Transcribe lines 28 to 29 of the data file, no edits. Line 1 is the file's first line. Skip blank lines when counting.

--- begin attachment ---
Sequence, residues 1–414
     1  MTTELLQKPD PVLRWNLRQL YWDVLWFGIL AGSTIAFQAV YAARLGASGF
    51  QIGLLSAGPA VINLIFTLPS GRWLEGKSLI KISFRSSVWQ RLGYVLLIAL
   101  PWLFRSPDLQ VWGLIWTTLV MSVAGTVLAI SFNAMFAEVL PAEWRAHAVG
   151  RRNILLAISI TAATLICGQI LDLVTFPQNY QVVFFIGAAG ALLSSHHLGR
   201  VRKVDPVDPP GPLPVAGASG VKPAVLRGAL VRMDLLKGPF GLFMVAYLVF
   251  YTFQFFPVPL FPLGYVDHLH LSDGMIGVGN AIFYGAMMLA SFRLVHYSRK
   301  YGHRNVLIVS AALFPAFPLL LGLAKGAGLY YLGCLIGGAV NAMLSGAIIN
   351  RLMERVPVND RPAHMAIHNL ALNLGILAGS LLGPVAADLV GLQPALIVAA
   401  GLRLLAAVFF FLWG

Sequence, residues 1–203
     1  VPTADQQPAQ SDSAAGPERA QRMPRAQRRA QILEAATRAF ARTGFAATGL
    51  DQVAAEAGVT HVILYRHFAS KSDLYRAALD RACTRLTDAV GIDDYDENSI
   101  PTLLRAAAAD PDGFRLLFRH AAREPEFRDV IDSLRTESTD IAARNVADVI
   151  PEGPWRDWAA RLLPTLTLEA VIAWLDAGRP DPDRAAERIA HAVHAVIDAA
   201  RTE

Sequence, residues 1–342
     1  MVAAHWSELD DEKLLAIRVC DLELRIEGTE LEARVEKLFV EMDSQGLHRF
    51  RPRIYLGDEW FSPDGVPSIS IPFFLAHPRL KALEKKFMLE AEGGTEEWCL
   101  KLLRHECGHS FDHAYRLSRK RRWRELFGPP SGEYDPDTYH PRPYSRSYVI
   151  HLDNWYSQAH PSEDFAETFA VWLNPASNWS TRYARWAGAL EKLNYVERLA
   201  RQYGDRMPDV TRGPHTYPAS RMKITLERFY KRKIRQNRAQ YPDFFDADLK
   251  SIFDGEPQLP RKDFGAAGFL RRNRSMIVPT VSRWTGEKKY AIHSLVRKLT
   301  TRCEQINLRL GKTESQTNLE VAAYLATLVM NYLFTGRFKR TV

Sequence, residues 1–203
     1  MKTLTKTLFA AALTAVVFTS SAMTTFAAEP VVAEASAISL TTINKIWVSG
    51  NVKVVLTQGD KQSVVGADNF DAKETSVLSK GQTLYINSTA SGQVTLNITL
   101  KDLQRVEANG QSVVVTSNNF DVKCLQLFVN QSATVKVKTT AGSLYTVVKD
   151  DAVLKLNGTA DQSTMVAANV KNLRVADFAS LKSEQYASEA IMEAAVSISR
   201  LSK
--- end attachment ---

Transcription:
   101  KDLQRVEANG QSVVVTSNNF DVKCLQLFVN QSATVKVKTT AGSLYTVVKD
   151  DAVLKLNGTA DQSTMVAANV KNLRVADFAS LKSEQYASEA IMEAAVSISR